In marketing and product I prefer people with less experience and a lot of talent so we can teach them how we do things. They don’t have to unlearn anything about how they already work. We teach them how we work. For developers it might be different because it takes a lot of time to be a really good developer, and it’s relatively easy moving from one environment to another…

Talent over experience tends to work well in roles where you already have a solid, effective approach.

Measurement Systems

Most Founders are good at measuring core KPIs, and bad at measuring support tasks. Here’s how we suggest you approach measurement:

1. If you can’t measure it, it didn’t happen.

You are almost certainly not measuring enough. You can’t get an accurate picture of your business from just 5 or so core KPIs.

When I was building my companies, I used to review metrics for about 15-20 minutes each morning. Avishai says his metrics tend to span more than 20 pages.

His policy: “If you can’t measure it, it didn’t happen.”

We measure everything. You can’t take pride in something that is unmeasurable. If you do marketing and you can’t measure an improvement, then it’s worth nothing. It didn’t happen from our perspective. It’s fine if you do things and it didn’t have the effect you wanted.

It’s important to point out that it’s fine if things don’t work. Some failure is good (more on this later). Don’t let fear of failure keep you from getting the full picture.

Here are just a few of concepts behind the data points Wix measures every day:

  • Conversion (on dollars, not percentage-based conversion)
  • Where people come from (what countries, keywords, etc)
  • Conversion on landing pages
  • Ads that work
  • Conversion from each one of those ads to the product
  • What people tried to do on-site
  • What they actually did
  • What they used in order to do that task
  • Correlation of success between what customers tried to do and what they actually did
  • What templates they choose
  • When did they churn
  • Why did they buy
  • What support questions do people ask
  • How much people complete on each website during each interaction

Measuring everything allows you to see what works for your customer and how you can scale it.

2. Share Measurements Widely

If you’re going to measure all these things, make sure you share them. Widely.

As a company grows, there’s some temptation to try to hide the full picture, or make things seem better than they are. But that leads to problems, and will kill innovation before it starts.

Wix shares all their metrics, all the time. Here’s why:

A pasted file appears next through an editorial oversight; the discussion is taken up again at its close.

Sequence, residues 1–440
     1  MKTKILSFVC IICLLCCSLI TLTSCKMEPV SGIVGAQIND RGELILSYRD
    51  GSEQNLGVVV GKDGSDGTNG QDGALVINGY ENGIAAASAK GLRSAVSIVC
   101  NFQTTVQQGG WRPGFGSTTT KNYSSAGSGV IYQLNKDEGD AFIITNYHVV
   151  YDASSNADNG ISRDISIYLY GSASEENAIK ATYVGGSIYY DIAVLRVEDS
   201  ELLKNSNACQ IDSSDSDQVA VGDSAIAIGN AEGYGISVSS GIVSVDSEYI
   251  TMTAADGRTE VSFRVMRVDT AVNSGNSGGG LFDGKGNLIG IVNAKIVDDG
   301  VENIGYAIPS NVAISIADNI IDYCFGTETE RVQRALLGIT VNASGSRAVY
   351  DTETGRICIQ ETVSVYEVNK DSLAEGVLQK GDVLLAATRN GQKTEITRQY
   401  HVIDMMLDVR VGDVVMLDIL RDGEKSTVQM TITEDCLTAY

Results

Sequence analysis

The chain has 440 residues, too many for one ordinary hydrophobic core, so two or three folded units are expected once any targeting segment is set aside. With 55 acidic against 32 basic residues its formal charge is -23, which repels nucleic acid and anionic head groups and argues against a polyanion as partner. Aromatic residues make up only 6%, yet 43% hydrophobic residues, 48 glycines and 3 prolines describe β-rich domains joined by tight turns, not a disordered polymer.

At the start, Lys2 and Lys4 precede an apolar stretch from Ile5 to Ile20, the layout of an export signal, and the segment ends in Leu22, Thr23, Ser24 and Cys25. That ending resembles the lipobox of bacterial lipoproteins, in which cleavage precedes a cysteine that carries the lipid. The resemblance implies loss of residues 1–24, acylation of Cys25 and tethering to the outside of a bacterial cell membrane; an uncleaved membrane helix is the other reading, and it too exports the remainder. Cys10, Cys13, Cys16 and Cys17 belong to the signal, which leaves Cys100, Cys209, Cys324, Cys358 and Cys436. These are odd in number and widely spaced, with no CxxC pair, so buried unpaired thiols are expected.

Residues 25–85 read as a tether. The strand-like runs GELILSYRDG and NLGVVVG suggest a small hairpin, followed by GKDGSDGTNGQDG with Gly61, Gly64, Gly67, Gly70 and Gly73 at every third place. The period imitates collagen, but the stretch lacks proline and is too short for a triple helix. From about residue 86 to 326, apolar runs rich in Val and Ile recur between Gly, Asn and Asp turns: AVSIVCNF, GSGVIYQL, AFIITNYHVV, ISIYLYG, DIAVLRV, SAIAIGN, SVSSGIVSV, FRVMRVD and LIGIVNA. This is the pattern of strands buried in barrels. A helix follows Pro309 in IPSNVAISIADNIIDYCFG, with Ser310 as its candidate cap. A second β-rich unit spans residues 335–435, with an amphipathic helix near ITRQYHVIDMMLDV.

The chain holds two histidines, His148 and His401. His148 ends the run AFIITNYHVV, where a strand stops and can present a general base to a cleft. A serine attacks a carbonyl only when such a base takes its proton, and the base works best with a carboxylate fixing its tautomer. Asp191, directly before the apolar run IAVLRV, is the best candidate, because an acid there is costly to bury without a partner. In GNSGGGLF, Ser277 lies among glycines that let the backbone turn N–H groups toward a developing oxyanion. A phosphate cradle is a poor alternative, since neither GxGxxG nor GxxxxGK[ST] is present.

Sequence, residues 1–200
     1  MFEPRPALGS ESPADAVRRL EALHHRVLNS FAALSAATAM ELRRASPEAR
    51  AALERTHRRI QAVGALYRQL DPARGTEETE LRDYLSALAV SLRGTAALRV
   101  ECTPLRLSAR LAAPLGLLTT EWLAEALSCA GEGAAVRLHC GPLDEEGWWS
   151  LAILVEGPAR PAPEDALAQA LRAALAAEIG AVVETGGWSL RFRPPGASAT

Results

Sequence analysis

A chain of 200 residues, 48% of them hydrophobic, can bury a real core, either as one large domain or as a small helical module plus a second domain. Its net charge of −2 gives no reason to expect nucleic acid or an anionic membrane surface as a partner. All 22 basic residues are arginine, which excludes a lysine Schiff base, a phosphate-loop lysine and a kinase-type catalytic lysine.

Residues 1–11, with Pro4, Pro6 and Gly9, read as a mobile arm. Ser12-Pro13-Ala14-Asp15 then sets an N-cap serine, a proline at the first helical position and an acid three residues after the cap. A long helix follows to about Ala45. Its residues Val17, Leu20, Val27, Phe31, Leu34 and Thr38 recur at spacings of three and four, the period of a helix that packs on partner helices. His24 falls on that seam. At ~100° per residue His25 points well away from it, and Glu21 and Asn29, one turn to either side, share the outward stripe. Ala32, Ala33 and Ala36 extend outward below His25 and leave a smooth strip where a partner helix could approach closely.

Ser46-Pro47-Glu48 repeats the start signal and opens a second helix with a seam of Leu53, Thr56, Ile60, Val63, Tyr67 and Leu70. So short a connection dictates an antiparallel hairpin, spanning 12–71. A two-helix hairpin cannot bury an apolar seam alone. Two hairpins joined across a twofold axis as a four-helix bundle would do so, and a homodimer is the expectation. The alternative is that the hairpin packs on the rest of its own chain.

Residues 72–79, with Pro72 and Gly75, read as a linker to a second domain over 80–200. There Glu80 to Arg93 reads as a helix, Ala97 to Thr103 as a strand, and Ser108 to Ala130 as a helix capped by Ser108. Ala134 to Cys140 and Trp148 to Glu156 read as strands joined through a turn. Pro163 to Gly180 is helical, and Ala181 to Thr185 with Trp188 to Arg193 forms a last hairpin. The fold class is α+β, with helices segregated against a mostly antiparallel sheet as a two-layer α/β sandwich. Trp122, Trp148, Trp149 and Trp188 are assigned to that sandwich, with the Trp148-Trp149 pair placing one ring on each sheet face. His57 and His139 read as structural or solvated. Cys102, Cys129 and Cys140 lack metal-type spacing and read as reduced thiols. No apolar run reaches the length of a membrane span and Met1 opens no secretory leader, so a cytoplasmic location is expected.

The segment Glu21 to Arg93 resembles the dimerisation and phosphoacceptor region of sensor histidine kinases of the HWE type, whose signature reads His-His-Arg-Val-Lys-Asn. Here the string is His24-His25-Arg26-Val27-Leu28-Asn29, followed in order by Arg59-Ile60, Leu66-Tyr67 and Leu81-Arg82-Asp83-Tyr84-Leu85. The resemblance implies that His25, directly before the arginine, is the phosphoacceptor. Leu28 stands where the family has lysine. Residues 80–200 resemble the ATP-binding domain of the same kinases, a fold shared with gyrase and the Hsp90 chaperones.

If you’re starting to build a company and you’re making sure you bring in great talent, if you give that talent all the information they need, great things will happen. Even without you doing anything. My belief is: share information as much as you can. All the sales, all the KPIs, what users did, what they didn’t do, all the issues in support…I would send reports to the level that people would just always come back and tell me: this is too much, we need to reduce it. And I would say, just don’t read it. I don’t mind. But I want it to be available all the time.

3. Differentiate between Good Failure and Bad Failure

When you start sharing data widely, it creates a good problem: everyone sees where the failures are.

People are often afraid to see failure. But you can change this perspective by distinguishing between good failures and bad failures.

Good failures happen when an underlying assumption is wrong. Sometimes you execute something well and it just doesn’t work. That’s okay. Now you know not to repeat this experiment.

A key thing to remember as a CEO: you must own the good failures. Avishai points out that this helps create an environment where it’s safe to fail while pursuing new ideas. That’s a good thing.

I would be the first guy to say: ‘it’s my project. I approved it, I wanted it.’ That has to be part of the language of the company. There’s no forum where we look at everything somebody did and say well you did this and it didn’t work. All those tests happen in the background for the organization as part of the day-to-day activity. So by doing that, I think we’ve created much more freedom for people to fail.

On the flipside, bad failure happens when a project is executed poorly. It’s bad because you can’t evaluate the underlying idea if the execution is lacking.

That kind of failure can reflect individual performance.

Speed Systems

In theory, as companies grow they get slower. Avishai identified two reasons that companies get slower.